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Album Reviews

Surfer Blood- 1000 Palms

Liam Comer

     Surfer Blood has definitely had an interesting history as a band. The South Florida indie rocker’s debut album, Astro Coast, was extremely successful, and for good reason. They effortlessly crafted music that was a seamless fusion of some times angsty, dark indie rock with upbeat, beachy pop, creating a refreshingly unique juxtaposition. The band’s success took a downhill turn when lead singer, John Paul Pitts, was arrested under suspicion of domestic violence after an argument with his girlfriend. Although all charges were dropped, the arrest left a resoundingly negative impact upon the band’s reputation. After signing to Warner Brothers, Surfer Blood released their next LP, Pythons. Critically, the album was regarded as an angsty mess and the record was no where near as successful as expected.  Thereafter, the band was dropped from their record label.  In December of 2014 guitarist, Thomas Fekete was diagnosed with a rare form of cancer and a majority of the group’s recent efforts have been in support of him, including their latest tour. And now, two years after the failure of their previous album, they are back at it with their third record, 1000 Palms.

     It’s obvious that the group makes an attempt to return to the ways that brought them their early success. They moved away from professional production and tried to take on a more homegrown methodology, recording in spaces such as their parents homes. Although they attempted to emulate the ways of their youth, their evolution as a band is still utterly apparent.  While maintaining their obvious beachy vibe, their sound has become a lot cleaner and even mellower at times. The album comes off as a lot more produced than Astro Coast, and a lot less angsty than Pythons. It’s also a lot safer than their past two LPs. Lyrically, 1000 Palms tries to delve as deep as the youthful disquietude of their debut record, and it occasionally succeeds. But more often than not, the record comes across as much more facile and lighthearted than intended. The album maintains this pattern musically as well.  While there aren’t any failures or even remotely bad songs on the album, they all tend to sound the same.  The often clean guitars and sunny rhythms work excellently to maintain their surf-y aesthetic on several of the tracks but this sound is used so often that with each time I listen to the record it becomes increasingly monotonous.  Overall, the album is a great collection of generic, easy to listen to, beachy, indie rock, but I can’t help but desire a little more variation and experimentation from the group.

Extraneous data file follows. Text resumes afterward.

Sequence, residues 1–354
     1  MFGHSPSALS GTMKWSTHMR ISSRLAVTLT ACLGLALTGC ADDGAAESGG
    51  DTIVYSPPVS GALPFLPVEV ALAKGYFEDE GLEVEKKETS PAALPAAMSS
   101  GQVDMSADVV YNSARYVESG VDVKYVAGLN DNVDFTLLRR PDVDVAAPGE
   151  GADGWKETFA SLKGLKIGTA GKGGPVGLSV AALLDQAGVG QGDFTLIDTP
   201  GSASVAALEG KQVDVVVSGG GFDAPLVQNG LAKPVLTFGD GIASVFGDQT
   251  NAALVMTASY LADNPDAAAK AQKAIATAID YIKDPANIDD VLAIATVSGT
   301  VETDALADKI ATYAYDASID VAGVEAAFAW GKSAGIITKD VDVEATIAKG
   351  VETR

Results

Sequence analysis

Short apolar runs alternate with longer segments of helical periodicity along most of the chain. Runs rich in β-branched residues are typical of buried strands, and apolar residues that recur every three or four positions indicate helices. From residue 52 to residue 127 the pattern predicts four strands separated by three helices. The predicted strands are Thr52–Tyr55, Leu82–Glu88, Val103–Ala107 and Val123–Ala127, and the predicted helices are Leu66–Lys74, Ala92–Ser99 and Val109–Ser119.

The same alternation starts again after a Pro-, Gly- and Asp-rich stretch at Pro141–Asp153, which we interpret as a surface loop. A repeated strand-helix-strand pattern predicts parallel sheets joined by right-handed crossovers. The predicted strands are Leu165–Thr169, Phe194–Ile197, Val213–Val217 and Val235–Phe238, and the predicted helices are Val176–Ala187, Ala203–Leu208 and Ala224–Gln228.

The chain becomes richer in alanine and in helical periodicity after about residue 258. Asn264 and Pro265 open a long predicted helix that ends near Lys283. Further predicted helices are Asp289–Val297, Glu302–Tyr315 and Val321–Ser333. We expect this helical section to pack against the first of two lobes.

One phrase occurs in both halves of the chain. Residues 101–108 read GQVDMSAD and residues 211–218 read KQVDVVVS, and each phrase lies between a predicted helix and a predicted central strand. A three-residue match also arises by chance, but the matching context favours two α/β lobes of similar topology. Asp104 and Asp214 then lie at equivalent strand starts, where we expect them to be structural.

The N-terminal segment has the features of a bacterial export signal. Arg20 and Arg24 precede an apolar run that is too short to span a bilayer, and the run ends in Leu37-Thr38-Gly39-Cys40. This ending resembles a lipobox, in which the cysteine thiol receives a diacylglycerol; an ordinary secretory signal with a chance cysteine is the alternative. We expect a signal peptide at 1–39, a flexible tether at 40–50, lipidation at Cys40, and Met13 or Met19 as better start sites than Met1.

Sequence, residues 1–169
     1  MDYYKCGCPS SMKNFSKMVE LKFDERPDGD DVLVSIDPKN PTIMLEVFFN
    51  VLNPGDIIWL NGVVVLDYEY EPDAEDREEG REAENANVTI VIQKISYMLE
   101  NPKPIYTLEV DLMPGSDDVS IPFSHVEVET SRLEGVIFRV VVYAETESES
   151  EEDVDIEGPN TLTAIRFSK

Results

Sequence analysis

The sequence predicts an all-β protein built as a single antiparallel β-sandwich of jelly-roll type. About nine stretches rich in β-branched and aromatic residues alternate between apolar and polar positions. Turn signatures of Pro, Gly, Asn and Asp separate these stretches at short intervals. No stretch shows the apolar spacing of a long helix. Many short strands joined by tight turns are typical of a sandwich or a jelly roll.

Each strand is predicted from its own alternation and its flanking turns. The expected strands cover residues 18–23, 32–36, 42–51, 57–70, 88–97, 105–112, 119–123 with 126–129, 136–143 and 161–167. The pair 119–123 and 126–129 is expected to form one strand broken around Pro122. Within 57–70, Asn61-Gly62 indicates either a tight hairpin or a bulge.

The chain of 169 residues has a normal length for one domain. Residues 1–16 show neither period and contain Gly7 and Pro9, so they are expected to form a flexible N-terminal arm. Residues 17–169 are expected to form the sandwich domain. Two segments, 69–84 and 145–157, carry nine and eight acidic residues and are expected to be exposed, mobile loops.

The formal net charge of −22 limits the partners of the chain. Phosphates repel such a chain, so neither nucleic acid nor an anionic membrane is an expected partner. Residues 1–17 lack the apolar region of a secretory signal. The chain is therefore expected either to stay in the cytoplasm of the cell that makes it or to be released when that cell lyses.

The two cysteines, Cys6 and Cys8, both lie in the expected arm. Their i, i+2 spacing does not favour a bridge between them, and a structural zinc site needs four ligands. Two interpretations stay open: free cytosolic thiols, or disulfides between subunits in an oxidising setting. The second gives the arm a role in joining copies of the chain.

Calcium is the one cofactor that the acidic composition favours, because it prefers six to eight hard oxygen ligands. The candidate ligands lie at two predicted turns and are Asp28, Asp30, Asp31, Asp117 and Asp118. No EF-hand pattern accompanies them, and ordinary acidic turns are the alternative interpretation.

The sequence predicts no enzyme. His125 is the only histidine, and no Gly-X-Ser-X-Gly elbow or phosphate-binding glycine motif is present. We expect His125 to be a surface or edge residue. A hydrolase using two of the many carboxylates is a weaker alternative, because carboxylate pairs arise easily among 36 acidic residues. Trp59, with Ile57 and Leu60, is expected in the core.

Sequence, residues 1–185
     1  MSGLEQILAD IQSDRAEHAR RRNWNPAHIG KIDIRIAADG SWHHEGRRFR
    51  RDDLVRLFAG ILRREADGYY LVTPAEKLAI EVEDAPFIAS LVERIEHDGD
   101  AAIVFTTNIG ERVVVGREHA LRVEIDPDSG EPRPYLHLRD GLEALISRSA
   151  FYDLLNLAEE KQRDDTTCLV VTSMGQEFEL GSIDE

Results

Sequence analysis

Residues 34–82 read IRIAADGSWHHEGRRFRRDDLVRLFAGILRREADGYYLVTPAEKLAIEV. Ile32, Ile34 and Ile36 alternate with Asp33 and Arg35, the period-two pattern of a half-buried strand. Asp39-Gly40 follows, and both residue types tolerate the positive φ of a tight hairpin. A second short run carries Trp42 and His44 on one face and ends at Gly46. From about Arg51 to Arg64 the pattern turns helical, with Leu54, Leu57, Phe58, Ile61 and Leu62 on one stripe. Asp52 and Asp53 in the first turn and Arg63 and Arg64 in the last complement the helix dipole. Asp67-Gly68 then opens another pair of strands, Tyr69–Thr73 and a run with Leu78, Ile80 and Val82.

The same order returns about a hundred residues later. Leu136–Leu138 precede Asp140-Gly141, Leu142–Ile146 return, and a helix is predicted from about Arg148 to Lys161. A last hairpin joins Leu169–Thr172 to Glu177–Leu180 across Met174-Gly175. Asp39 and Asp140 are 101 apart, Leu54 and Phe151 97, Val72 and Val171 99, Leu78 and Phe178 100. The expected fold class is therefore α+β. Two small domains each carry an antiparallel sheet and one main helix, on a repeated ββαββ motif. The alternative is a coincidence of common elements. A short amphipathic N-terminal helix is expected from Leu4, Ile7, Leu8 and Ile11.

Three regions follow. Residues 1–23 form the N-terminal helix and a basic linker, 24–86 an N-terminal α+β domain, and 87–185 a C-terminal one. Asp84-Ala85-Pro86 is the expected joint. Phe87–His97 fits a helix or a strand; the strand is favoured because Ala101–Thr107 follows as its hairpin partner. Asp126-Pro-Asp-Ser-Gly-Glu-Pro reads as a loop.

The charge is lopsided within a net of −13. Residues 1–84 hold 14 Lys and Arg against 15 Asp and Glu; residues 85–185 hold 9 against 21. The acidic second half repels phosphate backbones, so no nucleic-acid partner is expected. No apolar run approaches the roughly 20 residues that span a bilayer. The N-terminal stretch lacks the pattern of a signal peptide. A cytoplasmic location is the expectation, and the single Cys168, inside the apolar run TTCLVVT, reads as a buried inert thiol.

The first single from the LP, “I Can’t Explain”, is the quintessential track off of 1000 Palms. The song begins very mellow and beachy  with an almost dreamy feel to it. Later on, the song does develop into something with more depth through adding in heavier percussion and a more intense riff. But overall, the track remains fairly reserved and calm even though a rather fast beat. “Island” is arguably the best track off the record. The song begins upbeat, with dulcet guitars and vocals. But later, the track quickly changes gears coming on hard with distortion and crashing percussion. The variation in sound that occurs on “Island”  is one of the more successful attempts to recreate the juxtaposition of harder rock and surf pop found onAstro Coast. The album finishes off with the track “NW Passage.” This song is the most successful execution of the more tranquil vibe that 1000 Palms takes on. The use of birds chirping and waves rushing, coupled with breezy acoustic guitars and simple harmonies crafts an enjoyably nostalgic and serene sentiment. 

     In essence, 1000 Palms is a great album that I’m sure will see much more success and acclaim that that of Pythons. And it is obvious that that was the main focus of the record while it was being written. The album steers away from anything too heavy or experimental remaining within the safe boundaries of simple and sunny indie pop-rock. Surfer Blood’s inability to take risks greatly limits the potential of the album and it is to my belief that the group is capable of so much more. I definitely recommend checking out 1000 Palms, as it is still a great record, but for those who are accustomed to the near-perfection ofAstro Coast, it will most likely still be a letdown.